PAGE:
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Let's define f, a function that supports currying :

def f(a: Int)(b: Int) = a + b

This code doesn't compile

def g= f(1)
<console>:10: error: missing arguments for method f;
follow this method with `_' if you want to treat it as a partially applied function
   def g= f(1)

I've found these 2 workarounds :

scala> def h = f(1) _
h: Int => Int

scala> def i : Int => Int = f(1)
i: Int => Int

But i don't understand why the inference engine need help in a trivial case like that ?

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up vote 5 down vote accepted

This is because def f(a: Int)(b: Int) is not a function but a method with multiple parameter lists. Scala doesn't unify both of them to a single concept, thus you have to distinguish between them as well.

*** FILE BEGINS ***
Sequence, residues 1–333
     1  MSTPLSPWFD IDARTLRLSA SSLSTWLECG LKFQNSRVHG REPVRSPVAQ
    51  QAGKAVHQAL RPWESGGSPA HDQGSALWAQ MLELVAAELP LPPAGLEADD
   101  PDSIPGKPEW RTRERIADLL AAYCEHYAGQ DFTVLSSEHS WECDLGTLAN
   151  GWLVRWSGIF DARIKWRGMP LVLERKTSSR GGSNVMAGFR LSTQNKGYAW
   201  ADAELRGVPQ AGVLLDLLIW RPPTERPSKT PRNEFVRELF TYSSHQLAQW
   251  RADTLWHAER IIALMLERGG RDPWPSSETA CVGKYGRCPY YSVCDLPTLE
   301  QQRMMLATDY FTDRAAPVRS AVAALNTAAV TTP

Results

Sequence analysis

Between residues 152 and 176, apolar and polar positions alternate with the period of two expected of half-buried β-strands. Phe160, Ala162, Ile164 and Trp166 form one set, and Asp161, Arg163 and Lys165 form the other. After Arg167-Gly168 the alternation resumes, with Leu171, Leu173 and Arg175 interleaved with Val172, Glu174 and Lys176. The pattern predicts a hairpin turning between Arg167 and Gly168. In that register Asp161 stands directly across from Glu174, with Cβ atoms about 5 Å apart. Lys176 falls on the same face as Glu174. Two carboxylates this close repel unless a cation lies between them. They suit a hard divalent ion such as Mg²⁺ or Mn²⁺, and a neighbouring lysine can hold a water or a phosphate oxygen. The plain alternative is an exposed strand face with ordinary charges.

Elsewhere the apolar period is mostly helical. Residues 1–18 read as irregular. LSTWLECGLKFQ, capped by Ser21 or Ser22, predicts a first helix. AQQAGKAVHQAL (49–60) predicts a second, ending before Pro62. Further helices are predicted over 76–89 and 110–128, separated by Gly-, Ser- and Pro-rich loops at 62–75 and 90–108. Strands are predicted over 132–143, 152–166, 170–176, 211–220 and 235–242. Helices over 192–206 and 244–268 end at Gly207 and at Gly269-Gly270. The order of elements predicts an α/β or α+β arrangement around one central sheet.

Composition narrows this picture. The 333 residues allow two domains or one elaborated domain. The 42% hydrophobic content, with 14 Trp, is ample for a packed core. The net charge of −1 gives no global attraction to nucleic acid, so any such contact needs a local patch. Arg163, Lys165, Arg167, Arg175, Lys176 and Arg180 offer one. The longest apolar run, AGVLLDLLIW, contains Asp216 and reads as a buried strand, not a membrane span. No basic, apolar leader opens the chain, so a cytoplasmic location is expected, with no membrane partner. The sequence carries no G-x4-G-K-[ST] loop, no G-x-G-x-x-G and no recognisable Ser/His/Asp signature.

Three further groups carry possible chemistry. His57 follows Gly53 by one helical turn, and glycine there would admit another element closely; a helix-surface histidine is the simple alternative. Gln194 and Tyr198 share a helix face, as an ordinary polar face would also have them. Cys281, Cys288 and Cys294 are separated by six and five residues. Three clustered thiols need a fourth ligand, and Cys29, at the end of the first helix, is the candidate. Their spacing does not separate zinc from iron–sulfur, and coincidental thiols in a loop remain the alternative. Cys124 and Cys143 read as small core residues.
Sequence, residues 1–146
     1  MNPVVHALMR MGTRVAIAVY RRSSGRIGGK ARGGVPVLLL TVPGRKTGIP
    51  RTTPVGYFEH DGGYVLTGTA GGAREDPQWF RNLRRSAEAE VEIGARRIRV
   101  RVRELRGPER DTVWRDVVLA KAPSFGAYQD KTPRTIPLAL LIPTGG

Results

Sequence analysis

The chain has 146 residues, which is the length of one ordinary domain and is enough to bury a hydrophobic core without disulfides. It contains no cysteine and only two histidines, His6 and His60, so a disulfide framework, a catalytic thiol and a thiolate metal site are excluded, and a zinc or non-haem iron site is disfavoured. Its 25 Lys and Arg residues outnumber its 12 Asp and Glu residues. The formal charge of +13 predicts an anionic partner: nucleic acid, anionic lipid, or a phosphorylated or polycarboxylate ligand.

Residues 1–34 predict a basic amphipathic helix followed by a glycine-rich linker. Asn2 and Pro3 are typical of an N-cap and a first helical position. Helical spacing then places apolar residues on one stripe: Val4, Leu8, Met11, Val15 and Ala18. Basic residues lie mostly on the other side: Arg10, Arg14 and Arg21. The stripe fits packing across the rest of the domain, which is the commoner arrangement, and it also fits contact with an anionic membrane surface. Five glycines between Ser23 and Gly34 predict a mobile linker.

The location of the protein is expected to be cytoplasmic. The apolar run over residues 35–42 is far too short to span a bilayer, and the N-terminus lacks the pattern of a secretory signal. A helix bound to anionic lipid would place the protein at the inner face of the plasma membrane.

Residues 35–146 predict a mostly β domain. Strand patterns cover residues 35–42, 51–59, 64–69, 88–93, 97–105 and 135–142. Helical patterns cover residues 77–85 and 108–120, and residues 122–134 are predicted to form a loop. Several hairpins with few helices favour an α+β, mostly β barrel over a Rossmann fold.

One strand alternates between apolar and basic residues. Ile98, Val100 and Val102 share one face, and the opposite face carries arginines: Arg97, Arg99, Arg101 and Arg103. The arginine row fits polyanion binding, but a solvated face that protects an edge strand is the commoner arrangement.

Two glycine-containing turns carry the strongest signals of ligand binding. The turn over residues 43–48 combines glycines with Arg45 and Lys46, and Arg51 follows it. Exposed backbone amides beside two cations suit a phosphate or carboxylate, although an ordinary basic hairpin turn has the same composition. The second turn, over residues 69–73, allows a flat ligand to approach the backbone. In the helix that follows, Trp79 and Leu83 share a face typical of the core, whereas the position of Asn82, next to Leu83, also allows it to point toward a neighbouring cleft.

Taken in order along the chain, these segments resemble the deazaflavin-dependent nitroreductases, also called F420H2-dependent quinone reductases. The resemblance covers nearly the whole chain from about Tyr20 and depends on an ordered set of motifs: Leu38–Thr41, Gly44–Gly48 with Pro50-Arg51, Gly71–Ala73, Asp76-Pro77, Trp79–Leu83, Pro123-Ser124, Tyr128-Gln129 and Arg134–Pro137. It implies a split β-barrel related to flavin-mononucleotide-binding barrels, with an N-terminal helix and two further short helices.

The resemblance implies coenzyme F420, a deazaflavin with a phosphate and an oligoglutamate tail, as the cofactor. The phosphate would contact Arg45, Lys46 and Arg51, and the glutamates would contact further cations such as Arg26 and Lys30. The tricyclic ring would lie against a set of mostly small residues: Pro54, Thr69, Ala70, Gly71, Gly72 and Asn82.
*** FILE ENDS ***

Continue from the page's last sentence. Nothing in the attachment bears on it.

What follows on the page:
To partially apply a method with multiple parameter lists (and therefore implicitly convert this method to a function) you have to add an underscore after the method, as the error message suggests. When you tell the compiler explicitly which signature you want to have, it can also implicitly convert a method to a function (as seen in your second workaround).

If you want to use currying in Scala it's best to create a function from the beginning:

scala> val f = (a: Int) => (b: Int) => a+b
f: Int => (Int => Int) = <function1>

scala> val g = f(1)
g: Int => Int = <function1>
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